This beautiful manuscript atlas, made in Naples in 1580 by the chartmaker Joan Oliva (alias Riczo), is a very interesting example of Mediterranean nautical cartography in the sixteenth century. The atlas contains seventeen charts, covering the Mediterranean, the oceans, the Americas, Africa, and Asia, as well as a world map. It also includes two charts of the Mediterranean, made by Baldassare Maggiolo and bound together later with the rest of the atlas.
With abundant place names, accurate portrayal of coastlines, and various iconographical features, this atlas is a remarkable artifact that shows us the cartographical trends at the end of the sixteenth century in southern Europe, still with a visible influence of traditional nautical charts.
A Renaissance Image of the World
This atlas is made on parchment, and measures 29 x 43 cm. It opens with a scene representing the Crucifixion, with Christ accompanied by the Virgin and St. John. This feature is interesting, since this kind of religious image is not very common in the atlases of the time.
This scene is completed with the cartographer’s signature and date of the work: Joan Riczo alias Oliva figlio de maestro Dominico in Napole, anno 1580 (“Joan Riczo, alias Oliva, son of master Dominico in Naples, year 1580”).
The seventeen charts made by Joan Oliva portray the whole known world at the time, with accurate coastlines and abundant place names. The charts, filled with compass roses and ships sailing the seas, present beautiful frames, decorated with floral and geometric motives.
Most of the islands depicted in the charts are colored with blue, red, and gold, and in some charts, such as those of Asia and North America, the names of the continents are prominently drawn in large block letters. In Mexico, the capital is graphically depicted, and a large flag with the colors of Castile indicates its sovereignty over that part of the New World.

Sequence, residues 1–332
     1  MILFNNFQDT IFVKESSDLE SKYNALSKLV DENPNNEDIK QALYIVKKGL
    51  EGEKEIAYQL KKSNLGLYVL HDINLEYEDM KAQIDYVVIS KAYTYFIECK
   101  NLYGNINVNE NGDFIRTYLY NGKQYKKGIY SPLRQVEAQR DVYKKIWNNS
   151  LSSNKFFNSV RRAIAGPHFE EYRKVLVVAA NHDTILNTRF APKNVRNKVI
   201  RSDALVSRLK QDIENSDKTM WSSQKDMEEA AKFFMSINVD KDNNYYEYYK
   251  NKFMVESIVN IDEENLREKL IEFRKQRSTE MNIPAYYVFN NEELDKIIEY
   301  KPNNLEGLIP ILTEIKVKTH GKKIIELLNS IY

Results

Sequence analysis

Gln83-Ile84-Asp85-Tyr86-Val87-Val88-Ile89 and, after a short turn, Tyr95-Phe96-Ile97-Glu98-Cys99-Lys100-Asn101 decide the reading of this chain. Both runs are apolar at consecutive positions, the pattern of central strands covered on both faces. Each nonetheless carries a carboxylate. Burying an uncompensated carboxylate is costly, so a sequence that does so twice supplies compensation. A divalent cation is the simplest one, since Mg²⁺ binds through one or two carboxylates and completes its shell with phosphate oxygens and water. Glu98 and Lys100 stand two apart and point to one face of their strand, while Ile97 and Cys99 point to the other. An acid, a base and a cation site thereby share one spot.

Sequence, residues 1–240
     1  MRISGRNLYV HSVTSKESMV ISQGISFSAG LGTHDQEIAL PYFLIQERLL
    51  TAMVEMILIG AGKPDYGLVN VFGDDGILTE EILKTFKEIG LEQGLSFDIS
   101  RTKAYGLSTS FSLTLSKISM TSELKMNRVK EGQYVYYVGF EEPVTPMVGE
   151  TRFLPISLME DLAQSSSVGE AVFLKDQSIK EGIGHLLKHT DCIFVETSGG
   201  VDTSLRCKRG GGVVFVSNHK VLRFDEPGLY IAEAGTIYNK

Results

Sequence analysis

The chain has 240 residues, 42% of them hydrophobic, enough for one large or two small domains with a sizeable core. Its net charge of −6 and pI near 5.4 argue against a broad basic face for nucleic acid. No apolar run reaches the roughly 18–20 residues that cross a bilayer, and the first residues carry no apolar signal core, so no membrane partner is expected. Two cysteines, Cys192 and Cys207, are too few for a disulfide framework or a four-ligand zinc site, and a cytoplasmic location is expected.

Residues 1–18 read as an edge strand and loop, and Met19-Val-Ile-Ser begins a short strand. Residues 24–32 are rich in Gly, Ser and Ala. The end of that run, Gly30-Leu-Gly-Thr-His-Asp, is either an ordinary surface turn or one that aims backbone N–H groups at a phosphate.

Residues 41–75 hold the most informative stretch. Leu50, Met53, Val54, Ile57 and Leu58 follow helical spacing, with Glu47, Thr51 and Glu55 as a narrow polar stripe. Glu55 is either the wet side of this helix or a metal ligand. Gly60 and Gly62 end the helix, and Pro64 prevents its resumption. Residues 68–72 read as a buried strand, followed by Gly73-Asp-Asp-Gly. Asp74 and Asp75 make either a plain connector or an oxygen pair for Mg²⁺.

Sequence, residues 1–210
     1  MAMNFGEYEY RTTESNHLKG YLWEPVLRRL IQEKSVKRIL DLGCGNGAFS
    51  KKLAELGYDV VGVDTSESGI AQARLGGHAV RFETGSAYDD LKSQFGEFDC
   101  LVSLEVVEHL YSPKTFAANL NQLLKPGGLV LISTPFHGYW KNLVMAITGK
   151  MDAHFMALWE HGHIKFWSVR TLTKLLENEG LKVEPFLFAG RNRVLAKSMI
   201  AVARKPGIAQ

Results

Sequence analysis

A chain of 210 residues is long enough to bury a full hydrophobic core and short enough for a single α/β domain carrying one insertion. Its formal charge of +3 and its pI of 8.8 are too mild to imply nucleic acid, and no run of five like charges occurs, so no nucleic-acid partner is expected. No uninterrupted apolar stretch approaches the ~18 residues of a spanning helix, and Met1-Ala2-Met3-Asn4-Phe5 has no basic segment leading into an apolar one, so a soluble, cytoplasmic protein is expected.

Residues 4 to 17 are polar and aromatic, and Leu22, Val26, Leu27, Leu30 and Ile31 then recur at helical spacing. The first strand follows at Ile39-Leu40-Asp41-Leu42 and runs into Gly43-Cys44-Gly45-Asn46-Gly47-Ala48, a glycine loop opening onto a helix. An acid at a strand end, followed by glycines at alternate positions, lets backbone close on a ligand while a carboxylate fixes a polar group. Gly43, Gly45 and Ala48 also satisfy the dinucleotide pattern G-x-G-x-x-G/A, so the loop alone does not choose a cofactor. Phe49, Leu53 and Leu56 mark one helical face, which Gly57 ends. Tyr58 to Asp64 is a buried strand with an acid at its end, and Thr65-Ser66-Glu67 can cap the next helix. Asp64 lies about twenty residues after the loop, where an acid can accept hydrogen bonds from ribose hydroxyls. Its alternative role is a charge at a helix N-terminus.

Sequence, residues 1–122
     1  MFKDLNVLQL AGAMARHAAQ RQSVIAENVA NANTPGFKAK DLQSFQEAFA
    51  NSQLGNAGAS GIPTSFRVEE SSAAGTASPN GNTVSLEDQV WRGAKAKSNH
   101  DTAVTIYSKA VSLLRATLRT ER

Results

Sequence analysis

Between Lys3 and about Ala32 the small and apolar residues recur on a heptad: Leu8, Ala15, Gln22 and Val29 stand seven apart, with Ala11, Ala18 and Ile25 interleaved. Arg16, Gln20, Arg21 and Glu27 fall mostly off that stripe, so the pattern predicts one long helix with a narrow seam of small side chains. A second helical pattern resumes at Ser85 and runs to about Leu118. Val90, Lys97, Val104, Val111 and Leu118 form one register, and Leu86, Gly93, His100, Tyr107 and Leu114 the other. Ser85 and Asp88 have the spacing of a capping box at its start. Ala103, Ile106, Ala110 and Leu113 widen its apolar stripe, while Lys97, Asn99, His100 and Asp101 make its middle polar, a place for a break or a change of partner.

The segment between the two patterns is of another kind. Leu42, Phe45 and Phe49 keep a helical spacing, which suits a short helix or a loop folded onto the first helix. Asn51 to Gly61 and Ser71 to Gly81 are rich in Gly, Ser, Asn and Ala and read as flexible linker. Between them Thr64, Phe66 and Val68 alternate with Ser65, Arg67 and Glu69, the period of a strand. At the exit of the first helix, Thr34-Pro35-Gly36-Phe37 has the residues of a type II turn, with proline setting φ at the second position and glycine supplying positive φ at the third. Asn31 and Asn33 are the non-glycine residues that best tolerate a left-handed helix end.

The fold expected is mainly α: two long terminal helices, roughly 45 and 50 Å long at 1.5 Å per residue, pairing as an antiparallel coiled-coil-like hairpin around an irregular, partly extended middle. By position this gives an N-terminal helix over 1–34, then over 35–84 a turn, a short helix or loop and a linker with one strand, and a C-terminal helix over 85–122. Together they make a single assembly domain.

The atlas also contains a world map, surrounded by wind-heads and centered on a large compass rose. We can see the name “India” for North America, which is delineated in a different color than South America and the rest of the continents.
The atlas ends with two charts, signed by Baldassare Maggiolo and dated 1588, which represent the Mediterranean and were bound into the Oliva atlas sometime after its original creation.
Thus, the charts included in this atlas are as follows:
1.- Aegean Sea.
2.- Western Mediterranean and northern Africa.
3.- Central Mediterranean.
4.- World map.
5.- Eastern Mediterranean.
6.- Northern Africa, Western Europe, and British Isles.
7.- Western coast of Africa and Atlantic islands.
8.- Eastern coast of South America.
9.- Southern edge of South America and Strait of Magellan.
10.- Northern Atlantic Ocean.
11.- Southern Atlantic Ocean.
12.- Southwestern coast of Africa.
13.- Indian Ocean.
14.- Near East and the Caspian Sea.
15.- Indian Ocean.
16.- Pacific Ocean.
17.- Pacific Ocean, Caribbean Islands, Mexico, and Florida.
Charts by Baldassare Maggiolo:
18.- Mediterranean, Northern Africa, and Southern Europe.
19.- Eastern Mediterranean.
This interesting atlas is housed in the Royal Palace Library in Madrid under the shelfmark MS 1271.
Joan Riczo Oliva, Member of a Dynasty of Mapmakers
This atlas is the first known work by Joan Riczo Oliva. Son of Domingo Olives, grandson of Jaume Olives and great-grandson of Bartomeu Olives, he was a part of one of the most renowned families of cartographers at the time.
Nevertheless, little is known about his life. It is believed that he began to work in his father’s workshop in Naples, where he produced at least five signed nautical charts, and continued working after moving to Messina in 1590. The atlas described here was part of the library of the Count of Gondomar, before being donated to the Royal Palace in Madrid.
We have 1 facsimile edition of the manuscript "Portulan Atlas by Juan Riczo": Atlas de Oliva o Atlas Portulano J. Riczo facsimile edition, published by Testimonio Compañía Editorial, 1987Request Info / Price